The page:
You will know the backup was successful by going to iTunes Preferences and Devices, where you will see the name of your device and the backup date and time. 

To restore via iTunes, just make sure your device is connected again, pick it from inside iTunes and choose Restore Backup.

Want more iPad Tips? Check our iTips Tutorial hub.

NEXT TUTORIAL: Making Your iPad Read Text for You via VoiceOver Text-To-Speech

Jason Hidalgo is About.com’s Portable Electronics expert. Yes, he is easily amused. Follow him on Twitter @jasonhidalgo and be amused, too.

02
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Using iPad VoiceOver: Making Your iPad Read Text for You in Various Languages

Go to the General tab under Settings to activate VoiceOver. Touching lines or paragraphs on iBooks or Web pages will let your iPad read text to you. Illustration by Jason Hidalgo

Reading is fundamental, including on the Apple iPad.

The iPad's VoiceOver function actually allows the device to read out loud icons, menus and even Web articles — quite helpful for people who might have visual impairments that make it tough to read text. Even if you can read text fine, VoiceOver is also kind of cool to just try out. If you're learning another language such as Japanese, for example, VoiceOver can read Japanese Web pages for you. Be warned, though, that VoiceOver does make certain aspects of the interface (e.g. swiping and tapping) a bit more cumbersome.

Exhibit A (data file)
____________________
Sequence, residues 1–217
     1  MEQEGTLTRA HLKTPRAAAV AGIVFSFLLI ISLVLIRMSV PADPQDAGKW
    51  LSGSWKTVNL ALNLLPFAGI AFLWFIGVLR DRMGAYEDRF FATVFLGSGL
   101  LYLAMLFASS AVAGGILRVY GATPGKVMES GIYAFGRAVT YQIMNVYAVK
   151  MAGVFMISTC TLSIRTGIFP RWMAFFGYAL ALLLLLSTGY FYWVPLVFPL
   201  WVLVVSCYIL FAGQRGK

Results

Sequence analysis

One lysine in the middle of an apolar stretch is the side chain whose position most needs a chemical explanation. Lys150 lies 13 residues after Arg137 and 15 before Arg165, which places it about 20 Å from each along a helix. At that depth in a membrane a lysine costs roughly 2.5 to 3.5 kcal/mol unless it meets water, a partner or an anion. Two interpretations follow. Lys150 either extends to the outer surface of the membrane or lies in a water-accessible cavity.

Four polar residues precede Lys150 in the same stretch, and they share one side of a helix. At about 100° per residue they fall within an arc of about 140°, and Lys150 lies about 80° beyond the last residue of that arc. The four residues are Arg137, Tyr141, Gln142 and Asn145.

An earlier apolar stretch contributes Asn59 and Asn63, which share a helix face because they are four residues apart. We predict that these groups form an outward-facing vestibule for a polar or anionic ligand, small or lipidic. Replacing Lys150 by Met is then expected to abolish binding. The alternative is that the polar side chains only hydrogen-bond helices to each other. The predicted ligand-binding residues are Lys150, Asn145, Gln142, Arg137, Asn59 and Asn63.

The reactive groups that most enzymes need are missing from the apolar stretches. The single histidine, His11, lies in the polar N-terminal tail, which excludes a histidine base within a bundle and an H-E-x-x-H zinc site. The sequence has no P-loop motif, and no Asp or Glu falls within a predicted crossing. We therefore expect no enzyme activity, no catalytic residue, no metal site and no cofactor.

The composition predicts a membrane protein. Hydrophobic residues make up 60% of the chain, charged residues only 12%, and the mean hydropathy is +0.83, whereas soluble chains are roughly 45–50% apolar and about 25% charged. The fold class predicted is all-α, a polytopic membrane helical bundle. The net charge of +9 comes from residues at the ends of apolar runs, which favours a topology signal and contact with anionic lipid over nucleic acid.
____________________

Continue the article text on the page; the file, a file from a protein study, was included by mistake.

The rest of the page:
To activate VoiceOver, tap the Settings app/icon from the main menu. Then tap on the General tab and then Accessibility. At the top of the next menu, tap VoiceOver and turn it on. A confirmation menu typically comes out during the first time you do this. You might need to double tap it a few times to activate.

Once you have VoiceOver activated, you can adjust certain settings to fine tune your VoiceOver experience. Features you can adjust include Speak Hints, Use Phonetics, Use Pitch Change and Typing Feedback. You can also change the speed of the iPad VoiceOver "speech" through the "Speaking Rate" slider, which makes the reading voice slower if you drag it to the left and faster if you drag it to the right. I advise doing this with VoiceOver turned off since it's easier. Otherwise, just swipe up or down anywhere on the screen (while the slider is highlighted) to adjust the speed in 10 percent increments.